Objectives: Retinoic acid (RA) and benzoyl peroxide (BP) were studied, comparing their keratolytic efficacy and water barrier disruption to that of salicylic acid (SA), a well-established keratolytic, under similar conditions. Patients/Methods: Six volunteers were included in this blinded study. Eleven randomized test sites were marked on the volar forearms, containing sites for untreated skin at time zero, unoccluded, occlusion, and vehicle controls for 3 and 6 h, and each of BP, RA, and SA solutions for 3 and 6 h. At each time point, occlusion at 5 of the test sites was removed, and chromameter measurements were performed over 30 min. Each site then underwent 25 stratum corneum (SC) tape strippings. At 1, 5, and 30 min after the last stripping at each site, TEWL measurements were performed. Quantitative protein analysis of the SC from the tapes was then performed. Results and Conclusion: After 3 h, BP was significantly more effective in disrupting SC cohesion than SA and RA, indicating BP is a moderate keratolytic agent in addition to its antimicrobial properties. After 6 h, all three agents were similarly effective in keratolysis. Barrier disruption, as measured by TEWL, paralleled depth of SC removal. SA tended to exhibit the greatest keratolytic efficacy superficially, hence its clinical effectiveness in superficial conditions such as comedonal acne, whereas BP was more effective at deeper levels, complimenting its antimicrobial effects and enabling it to treat deeper, more inflammatory lesions. None of the agents significantly affected skin erythema. These techniques provide a robust and rapid assay for in vivo keratolytic demonstration.

This content is only available via PDF.
Copyright / Drug Dosage / Disclaimer
Copyright: All rights reserved. No part of this publication may be translated into other languages, reproduced or utilized in any form or by any means, electronic or mechanical, including photocopying, recording, microcopying, or by any information storage and retrieval system, without permission in writing from the publisher.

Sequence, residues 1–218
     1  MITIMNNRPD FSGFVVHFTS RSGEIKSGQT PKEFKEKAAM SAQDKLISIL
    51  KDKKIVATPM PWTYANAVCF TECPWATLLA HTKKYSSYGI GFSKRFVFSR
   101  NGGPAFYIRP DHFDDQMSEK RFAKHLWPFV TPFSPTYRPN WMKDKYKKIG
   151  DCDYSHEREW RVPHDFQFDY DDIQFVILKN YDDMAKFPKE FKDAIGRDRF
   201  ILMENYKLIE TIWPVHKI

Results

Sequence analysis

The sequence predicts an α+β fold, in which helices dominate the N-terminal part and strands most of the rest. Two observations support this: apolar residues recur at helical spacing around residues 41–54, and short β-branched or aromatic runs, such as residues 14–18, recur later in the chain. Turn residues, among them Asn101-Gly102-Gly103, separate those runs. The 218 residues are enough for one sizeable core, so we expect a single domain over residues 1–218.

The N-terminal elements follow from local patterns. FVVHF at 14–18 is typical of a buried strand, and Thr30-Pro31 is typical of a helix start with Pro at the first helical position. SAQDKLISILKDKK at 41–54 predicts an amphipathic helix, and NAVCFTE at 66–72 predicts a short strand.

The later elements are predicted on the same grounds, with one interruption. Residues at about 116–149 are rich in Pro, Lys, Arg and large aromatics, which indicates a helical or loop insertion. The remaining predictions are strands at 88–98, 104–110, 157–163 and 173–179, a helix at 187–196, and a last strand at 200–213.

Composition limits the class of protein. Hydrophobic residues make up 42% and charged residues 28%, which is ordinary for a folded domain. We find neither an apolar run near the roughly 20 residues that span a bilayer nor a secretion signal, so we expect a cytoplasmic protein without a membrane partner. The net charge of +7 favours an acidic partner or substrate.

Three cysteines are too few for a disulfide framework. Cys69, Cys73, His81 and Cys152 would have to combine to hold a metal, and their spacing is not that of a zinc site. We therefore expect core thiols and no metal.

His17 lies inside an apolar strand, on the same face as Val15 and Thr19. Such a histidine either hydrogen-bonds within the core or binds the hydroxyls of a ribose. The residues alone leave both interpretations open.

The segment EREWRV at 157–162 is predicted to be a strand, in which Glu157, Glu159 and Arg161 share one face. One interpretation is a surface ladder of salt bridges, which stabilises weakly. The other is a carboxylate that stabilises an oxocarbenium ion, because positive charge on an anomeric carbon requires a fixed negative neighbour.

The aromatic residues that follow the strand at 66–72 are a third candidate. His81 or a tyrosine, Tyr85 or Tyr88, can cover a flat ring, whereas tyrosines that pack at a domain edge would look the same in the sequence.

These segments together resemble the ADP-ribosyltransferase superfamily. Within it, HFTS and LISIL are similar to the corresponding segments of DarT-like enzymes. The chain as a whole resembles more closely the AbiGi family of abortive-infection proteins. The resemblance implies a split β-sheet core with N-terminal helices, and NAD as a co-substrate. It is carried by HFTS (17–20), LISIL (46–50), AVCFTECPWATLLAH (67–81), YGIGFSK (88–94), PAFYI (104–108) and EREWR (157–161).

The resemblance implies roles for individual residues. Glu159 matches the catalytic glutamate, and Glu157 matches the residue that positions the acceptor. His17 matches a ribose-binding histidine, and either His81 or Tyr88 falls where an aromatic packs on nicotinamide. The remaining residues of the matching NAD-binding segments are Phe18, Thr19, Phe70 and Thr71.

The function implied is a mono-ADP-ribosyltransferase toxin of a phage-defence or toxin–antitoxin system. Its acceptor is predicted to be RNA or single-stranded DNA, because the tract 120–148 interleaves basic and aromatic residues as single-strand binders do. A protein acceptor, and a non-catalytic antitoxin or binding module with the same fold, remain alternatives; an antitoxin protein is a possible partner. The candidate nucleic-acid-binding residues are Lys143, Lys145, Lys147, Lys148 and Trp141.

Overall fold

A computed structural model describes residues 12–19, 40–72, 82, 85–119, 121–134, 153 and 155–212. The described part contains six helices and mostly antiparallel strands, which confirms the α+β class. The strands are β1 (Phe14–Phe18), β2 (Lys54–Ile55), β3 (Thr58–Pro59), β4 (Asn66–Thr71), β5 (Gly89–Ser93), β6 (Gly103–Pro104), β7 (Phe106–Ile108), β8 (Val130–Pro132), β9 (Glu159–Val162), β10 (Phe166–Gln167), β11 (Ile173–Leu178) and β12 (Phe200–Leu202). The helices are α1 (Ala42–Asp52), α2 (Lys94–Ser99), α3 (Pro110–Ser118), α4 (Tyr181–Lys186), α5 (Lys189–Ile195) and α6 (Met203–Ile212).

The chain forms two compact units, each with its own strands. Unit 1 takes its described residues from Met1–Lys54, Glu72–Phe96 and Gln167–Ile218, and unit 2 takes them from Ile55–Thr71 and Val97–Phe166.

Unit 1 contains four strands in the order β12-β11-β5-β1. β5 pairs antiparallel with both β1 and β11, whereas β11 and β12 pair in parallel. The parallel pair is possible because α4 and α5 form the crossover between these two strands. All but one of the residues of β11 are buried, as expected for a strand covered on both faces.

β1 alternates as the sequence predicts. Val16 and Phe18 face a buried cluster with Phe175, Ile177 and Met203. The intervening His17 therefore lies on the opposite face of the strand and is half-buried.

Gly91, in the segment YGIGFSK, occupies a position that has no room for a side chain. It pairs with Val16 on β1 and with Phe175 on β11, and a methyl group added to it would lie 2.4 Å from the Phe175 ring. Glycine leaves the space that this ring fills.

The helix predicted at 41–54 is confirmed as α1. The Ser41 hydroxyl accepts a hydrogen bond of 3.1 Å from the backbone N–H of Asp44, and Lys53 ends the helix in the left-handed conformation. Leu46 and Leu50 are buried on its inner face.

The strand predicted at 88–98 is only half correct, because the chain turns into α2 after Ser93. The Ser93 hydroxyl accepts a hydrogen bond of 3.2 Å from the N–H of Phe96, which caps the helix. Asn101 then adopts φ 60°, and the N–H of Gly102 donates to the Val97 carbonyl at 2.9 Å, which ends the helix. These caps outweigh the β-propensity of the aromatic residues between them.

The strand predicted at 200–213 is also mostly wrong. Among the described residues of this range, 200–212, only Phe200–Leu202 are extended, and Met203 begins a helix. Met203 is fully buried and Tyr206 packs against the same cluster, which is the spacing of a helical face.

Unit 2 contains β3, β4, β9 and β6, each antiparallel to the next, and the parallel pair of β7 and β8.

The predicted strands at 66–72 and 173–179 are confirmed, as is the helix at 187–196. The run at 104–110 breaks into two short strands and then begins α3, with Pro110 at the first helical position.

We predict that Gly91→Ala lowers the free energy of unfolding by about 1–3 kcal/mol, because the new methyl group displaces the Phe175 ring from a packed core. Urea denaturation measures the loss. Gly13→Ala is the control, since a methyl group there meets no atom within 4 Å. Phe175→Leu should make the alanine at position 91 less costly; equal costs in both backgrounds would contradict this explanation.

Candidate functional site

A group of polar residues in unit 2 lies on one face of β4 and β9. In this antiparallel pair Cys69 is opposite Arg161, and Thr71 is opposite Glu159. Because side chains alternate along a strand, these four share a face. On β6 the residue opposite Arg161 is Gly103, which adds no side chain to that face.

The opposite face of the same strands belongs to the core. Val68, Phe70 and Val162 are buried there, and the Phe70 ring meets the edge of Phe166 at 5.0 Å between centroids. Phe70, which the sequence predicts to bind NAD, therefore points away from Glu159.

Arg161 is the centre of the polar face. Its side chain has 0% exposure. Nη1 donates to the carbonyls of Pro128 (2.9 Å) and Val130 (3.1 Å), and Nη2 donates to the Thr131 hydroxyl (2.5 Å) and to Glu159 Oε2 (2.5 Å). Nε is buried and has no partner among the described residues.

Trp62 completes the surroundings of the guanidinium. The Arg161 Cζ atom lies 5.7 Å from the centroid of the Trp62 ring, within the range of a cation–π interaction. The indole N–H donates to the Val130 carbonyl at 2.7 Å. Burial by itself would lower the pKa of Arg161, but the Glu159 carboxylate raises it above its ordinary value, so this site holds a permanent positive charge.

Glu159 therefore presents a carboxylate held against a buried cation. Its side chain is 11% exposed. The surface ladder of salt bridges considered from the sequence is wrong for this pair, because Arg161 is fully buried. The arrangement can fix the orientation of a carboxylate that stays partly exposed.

Drug Dosage: The authors and the publisher have exerted every effort to ensure that drug selection and dosage set forth in this text are in accord with current recommendations and practice at the time of publication. However, in view of ongoing research, changes in government regulations, and the constant flow of information relating to drug therapy and drug reactions, the reader is urged to check the package insert for each drug for any changes in indications and dosage and for added warnings and precautions. This is particularly important when the recommended agent is a new and/or infrequently employed drug.
Disclaimer: The statements, opinions and data contained in this publication are solely those of the individual authors and contributors and not of the publishers and the editor(s). The appearance of advertisements or/and product references in the publication is not a warranty, endorsement, or approval of the products or services advertised or of their effectiveness, quality or safety. The publisher and the editor(s) disclaim responsibility for any injury to persons or property resulting from any ideas, methods, instructions or products referred to in the content or advertisements.
You do not currently have access to this content.